written by Patrick Schiek

The New Year is here and the Holidays are behind us. The days are thankfully getting longer, and while you wouldn’t know it from the lack of snow we have (or don’t have) on the ground, we are officially in Winter.

Winter can be a fantastic time to spend some time outdoors with your four legged BFF. At Lucky Dogs we get a lot of questions about coats, sweaters, boots, and other products to make the winter easier on our dogs. I thought I’d touch on a few of the most common topics. 

First – here is just a sample of some of the breeds that do well or actually thrive in the winter. 

Akita Alaskan Malamute Anatolian Shepherd Australian Shepherd
Belgian Malinois Bernese Mountain Dog Chow Chow Cocker Spaniel
German Shepherd Golden Retriever Great Pyrenees Labrador retriever
Leonburger Newfoundland Poodle \ Doodle’s Rottweiler
Saint Bernard Shiba Inu Siberian Husky  


As a general rule of thumb, large dogs with thick, dense coats are well protected from the cold. This includes Northern breeds, like Alaskan Malamutes, Siberian Huskies, Saint Bernard’s, and Bernese Mountain Dogs with fur coats genetically designed to keep them warm. But there are dogs that need to be protected from extreme weather.

  • Small, toy, and miniature shorthaired breeds, like Chihuahuas and French Bulldogs. These small pups can’t easily generate and retain enough body heat to keep themselves warm.
  • Dogs that sit low to the ground. Although breeds like Pembroke Welsh Corgis, for example, have thick coats, their bellies sit low enough to the ground to brush against snow and ice.
  • Breeds that typically have long hair but are clipped or shorn, like Poodles. Grooming may alter the natural protection of their coats.
  • Lean-bodied breeds with short hair, like Greyhounds and Whippets, should also be protected from the cold.
  • Senior dogs are prone to conditions that may require a winter coat, such as arthritis or a weakened immune system. Heat regulation may decline with age, making even a thick-coated dog uncomfortable in the cold.

Once you’ve determined that your dog needs a winter coat, look for a coat that protects his neck and belly. It should extend from the base of his neck to his tail, without being so long that it would make bathroom stops problematic. You’ll want a coat that fits snugly without being tight. Clothing should never restrict your dog’s movement.  Dog coats with reflective properties are great for early or late walks as they provide added visibility which is an important safety factor.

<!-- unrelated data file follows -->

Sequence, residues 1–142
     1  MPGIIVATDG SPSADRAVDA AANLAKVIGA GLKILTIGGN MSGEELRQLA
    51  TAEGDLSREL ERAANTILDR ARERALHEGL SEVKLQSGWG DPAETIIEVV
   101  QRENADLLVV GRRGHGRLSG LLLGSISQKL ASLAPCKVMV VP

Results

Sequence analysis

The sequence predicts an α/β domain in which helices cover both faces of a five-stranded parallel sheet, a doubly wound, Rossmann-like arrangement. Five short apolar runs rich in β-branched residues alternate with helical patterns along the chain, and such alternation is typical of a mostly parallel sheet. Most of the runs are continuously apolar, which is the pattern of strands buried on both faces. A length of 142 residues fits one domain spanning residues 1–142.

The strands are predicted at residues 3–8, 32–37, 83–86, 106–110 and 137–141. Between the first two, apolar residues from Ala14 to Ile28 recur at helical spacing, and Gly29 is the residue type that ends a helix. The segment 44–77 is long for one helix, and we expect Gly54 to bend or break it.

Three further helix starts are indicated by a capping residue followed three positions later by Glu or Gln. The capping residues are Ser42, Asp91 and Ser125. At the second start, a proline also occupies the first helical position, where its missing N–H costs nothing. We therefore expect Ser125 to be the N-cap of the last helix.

When choosing a dog coat, it is important to factor in your lifestyle and budget. Identifying key features that you would benefit from is a great starting point. If you are looking for a coat that has lasting durability, reflective properties and perhaps down or polyfill to keep your dog warm then a dog coat such as a puffer coat might be suitable. Other features dog owners look for features such as waterproof, night vision, breathe easy, wick easy or showerproof.


Selecting the weight of your dog coat is based on your personal preference. Depending on where you live, the weather may be a contributing factor to the type of dog coat you choose to purchase. Owners who have dogs with a thick or double coat may be more inclined to choose a lighter weight option. However, if you live in a climate with cold winters, even a little down or polyfill in a coat can provide your dog added warmth and protection.


Please follow these simple steps as a guide to select the right size coat for your dog.

1. Measure from the base of the neck to the base of the tail 

2. Take note of the number in inches as this measurement will match the size to the dog coat sizes available in the range. 

3. It is a good idea to measure their girth or the circumference of their chest as well.

4. Check with your local pet boutique if you’re unsure, and discuss taking your dog in to be fitted for their new coat. 

If your dog measures between two sizes, it is best to go up to the higher size as many of our dog coats offer adjustability with touch tape closures.



If your dog spends a lot of time outdoors — whether in summer or winter — investing in dog boots is a good idea. Paws are sensitive to extreme heat, extreme cold, and sharp particles such as ice shards or sticks while hiking.  Most pet boutique’s can help you find the right size for your dog. Often a good idea is to take your dog with you to find the right size. 


Bag balm, pawtection balm, paw soother are other ways to protect and soothe your pets paws.   These are completely safe for your pet.  Most are made of a combination of the following substances : Organic mango butter, sunflower oil, different waxes such as sunflower and carnauba. Many also include lavender, rosemary, etc…  Apply 2-3 times daily. Try to distract your pet for a few minutes to allow it to absorb. A toy with some kibble or frozen substance can help..


  1. Consider buying pet safe ice melt for your sidewalks and driveways. Salt can be especially hard on pets paws. A brand that we particularly like is SafePaw and it comes in 35 pound and 8 pound sizes. 
  2. Hydration is important all year round, but, our furry friends can get dehydrated in the winter. Make sure your pets have access to multiple sources of water.  Consider adding some bone broth to your pets food or water. Bone broth is a natural anti-inflammatory which can help our older pets it also has collagens to help hips and joints. Make sure to get the kind of bone broth that has low (or no) sodium and has no onion in it. 

Winter with your pet can be so much fun. Get out and enjoy it with them!